Dispelling morning after pill myths
After an accident with a condom (twice in one cycle), I turned to emergency contraception to stop any chance of pregnancy. After telling my friends that I had to take the morning-after pill, I was bombarded with horror stories, claims of failure and disapproving glares. In a fit of worry and guilt, I researched all these statements and found that at least 90% of them were myths. Emergency contraception is surrounded by an unnecessary taboo that I will aim to debunk in this blog post.
Myth number 1: the morning-after pill is the same as an abortion
This first one came from my friends telling me I was getting an abortion. They aimed to make me feel guilty but, a quick web search told me exactly what I needed to know. Emergency Contraception does not cause an abortion because the goal is different. While an abortion terminates an unwanted pregnancy, emergency contraception stops an unwanted pregnancy. With emergency contraception, the sperm has not met an egg, so the goal is to stop that happening. Abortion happens when a fetus has already formed. The two things are completely different, so if you are against abortion, don’t worry, the morning after pill is not the same thing.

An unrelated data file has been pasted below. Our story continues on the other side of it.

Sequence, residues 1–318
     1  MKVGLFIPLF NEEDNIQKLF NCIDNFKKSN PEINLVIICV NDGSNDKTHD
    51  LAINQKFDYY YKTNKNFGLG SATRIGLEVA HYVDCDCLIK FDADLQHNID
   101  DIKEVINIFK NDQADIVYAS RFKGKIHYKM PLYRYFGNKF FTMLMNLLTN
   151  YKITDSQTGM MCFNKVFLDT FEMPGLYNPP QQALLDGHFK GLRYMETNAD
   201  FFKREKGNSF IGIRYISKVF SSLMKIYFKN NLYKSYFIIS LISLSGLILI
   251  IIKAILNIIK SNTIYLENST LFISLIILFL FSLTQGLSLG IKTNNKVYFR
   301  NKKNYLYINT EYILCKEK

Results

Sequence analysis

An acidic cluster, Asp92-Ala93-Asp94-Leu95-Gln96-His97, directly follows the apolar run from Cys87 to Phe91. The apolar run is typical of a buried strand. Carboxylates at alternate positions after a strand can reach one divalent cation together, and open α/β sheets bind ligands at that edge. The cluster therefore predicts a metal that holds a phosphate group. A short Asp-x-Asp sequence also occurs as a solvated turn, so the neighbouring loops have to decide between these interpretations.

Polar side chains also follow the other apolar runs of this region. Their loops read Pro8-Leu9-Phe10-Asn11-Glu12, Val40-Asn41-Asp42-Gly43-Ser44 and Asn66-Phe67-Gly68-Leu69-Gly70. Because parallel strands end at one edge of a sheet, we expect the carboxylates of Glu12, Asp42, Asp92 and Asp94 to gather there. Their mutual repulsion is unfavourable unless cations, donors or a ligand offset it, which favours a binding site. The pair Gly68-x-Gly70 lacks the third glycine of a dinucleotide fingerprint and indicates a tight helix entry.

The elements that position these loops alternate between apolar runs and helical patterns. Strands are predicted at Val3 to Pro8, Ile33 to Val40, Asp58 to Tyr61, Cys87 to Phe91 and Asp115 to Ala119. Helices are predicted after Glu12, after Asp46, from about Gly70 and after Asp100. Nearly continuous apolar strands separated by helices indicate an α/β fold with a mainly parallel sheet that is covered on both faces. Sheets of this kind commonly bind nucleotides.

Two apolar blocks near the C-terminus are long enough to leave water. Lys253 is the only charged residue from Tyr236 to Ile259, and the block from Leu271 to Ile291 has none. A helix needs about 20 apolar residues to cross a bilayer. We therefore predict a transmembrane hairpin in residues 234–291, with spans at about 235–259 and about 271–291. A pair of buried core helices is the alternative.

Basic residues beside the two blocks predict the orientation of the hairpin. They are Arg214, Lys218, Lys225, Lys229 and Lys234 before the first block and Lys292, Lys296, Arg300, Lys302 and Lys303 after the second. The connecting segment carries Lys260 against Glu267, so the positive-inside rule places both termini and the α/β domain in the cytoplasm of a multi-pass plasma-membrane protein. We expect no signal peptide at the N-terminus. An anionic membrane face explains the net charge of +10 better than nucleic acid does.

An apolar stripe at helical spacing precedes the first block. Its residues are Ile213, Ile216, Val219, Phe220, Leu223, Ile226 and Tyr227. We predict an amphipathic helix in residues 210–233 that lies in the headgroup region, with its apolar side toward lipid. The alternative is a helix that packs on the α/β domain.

Myth number 2: you can’t take the morning after pill more than once
As quite an anxious person, just the idea of being pregnant sent me into a ferocious panic. To then be told by my friends that taking the pill more than three times a year could have serious repercussions on my fertility, you can imagine how stressed I became. There are no legitimate studies to show that emergency contraception harms fertility in future life. Health services tend to warn against using the morning after pill as the sole form of contraception simply because the effectiveness rate isn’t as high and the cost is significantly more.
I hope my blog post has dismissed some of the myths surrounding emergency contraception. The morning after pill was the best thing for me, all I needed was the reassurance that it was safe to use.